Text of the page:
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Smith v. Crones


October 30, 2009


The opinion of the court was delivered by: Arthur L. Alarcón United States Circuit Judge Sitting by Designation


Jamaal Laronde Smith filed an action on May 23, 2007, seeking damages pursuant to 42 U.S.C. § 1983 for an alleged violation of his federal constitutional rights by several state officers. This matter went to trial on September 28, 2009. On September 30, 2009, the jury returned its unanimous verdict in favor of Scott Norton, the sole remaining defendant.

On October 13, 2009, Mr. Smith filed a motion for a new trial. He contends that "(1) the verdict was against the weight of the evidence; (2) improper foundation was laid for admitting Defense's exhibits; and (3) prejudicial error." Doc. No. 143.

As explained below, the Court has reviewed each of these contentions and has concluded that the motion for a new trial will be denied because none of the issues raised by Mr. Smith has any merit.


In the declaration he filed in support of his motion, Mr. Smith summarized his testimony at trial as follows. (Doc. 143). On January 12, 2006, he kicked his cell door for 30 to 40 minutes. When Officer Norton and Officer Beasley came to his cell door, Mr. Smith told them he wanted to speak to someone. Officer Norton handcuffed him and requested that the control officer open the cell door. It would not open because it was off its track. After Officer Norton pushed and pulled on the cell door, the control officer was able to open it.

Officer Norton told Mr. Smith "that's why my doors don't work because ya'll (sic) always kicking on them."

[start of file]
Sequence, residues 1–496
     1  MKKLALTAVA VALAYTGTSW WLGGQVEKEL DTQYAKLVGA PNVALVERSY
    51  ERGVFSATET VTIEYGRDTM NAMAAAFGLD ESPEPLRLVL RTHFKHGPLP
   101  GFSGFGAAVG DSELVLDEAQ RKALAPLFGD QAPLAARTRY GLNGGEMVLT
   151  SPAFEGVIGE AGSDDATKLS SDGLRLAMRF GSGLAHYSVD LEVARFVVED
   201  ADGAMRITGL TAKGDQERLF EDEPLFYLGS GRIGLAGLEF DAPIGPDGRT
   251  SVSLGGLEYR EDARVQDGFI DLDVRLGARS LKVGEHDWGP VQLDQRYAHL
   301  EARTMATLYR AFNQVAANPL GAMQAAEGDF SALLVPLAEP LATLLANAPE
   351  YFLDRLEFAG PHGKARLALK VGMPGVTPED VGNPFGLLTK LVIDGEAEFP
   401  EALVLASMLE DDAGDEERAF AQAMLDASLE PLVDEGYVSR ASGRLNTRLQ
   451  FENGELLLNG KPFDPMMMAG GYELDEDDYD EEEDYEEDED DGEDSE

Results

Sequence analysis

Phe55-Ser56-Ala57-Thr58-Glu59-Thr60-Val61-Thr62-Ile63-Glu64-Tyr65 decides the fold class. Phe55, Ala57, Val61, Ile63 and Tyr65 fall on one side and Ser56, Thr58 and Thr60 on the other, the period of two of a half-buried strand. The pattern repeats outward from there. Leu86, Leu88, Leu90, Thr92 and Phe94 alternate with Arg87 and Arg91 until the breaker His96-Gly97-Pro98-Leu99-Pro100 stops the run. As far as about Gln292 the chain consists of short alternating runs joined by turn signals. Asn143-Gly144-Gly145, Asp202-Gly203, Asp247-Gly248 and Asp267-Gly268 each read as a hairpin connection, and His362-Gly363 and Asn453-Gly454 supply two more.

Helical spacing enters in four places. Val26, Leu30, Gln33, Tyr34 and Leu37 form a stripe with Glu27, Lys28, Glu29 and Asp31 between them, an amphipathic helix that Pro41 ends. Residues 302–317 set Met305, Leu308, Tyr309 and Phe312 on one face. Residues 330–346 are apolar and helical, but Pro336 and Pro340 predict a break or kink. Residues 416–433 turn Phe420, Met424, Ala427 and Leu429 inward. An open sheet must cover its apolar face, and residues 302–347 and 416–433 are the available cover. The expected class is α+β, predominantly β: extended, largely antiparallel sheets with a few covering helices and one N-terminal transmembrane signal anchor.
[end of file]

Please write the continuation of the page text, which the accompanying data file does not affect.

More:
Mr. Smith further testified that Officer Norton and Officer Beasley escorted him to one of the holding cages in front of the unit on the main hallway. As Mr. Smith approached the holding cage, he saw Lt. Simmerson standing in the hallway with 4 to 5 other officers. Mr. Smith testified that Officer Norton then stated "Simmerson get out of here." Officer Norton then told the rest of the officers to leave the area. Officer Kimble did not leave the area.

Mr. Smith testified that as he was stepping into the holding cage, Officer Norton placed his hand on the back of Mr. Smith's neck and rammed his head into the back of the holding cage and stated "if you ever kick my fucking door again, I'll break your neck." Mr. Smith testified he saw stars after the assault.

Mr. Smith testified that when Lt. Simmerson reappeared, Mr. Smith told him that something unethical had just occurred, and he needed to speak to him about it. Lt. Simmerson told him to speak to a psychologist first and then talk with him about it. After Mr. Smith met with a psychologist, he was taken back to his cell without talking to Lt. Simmerson about the assault.

Officer Norton testified at trial that he did not use any force on Mr. Smith. Officer Beasley corroborated this testimony.

On cross-examination, Mr. Smith admitted that he did not tell Lt. Simmerson about the alleged assault. Doc. No. 148. He also admitted that he did not tell the mental health clinician that Officer Norton had just slammed his head against the holding cage. Doc. 148. Mr. Smith also admitted on cross-examination that the first report he made of the alleged assault was in the grievance he filed nearly two weeks after the alleged incident. He also admitted that he did not receive any cuts or bruises from the alleged assault, nor did he seek medical treatment regarding any physical injury to his forehead. Doc. No. 148.

The jury was instructed that if it was persuaded by a preponderance of the evidence that Mr. Smith was assaulted by Officer Norton, it must render a verdict in the plaintiff's favor. The jury was also instructed on its duty to determine the credibility of the witnesses.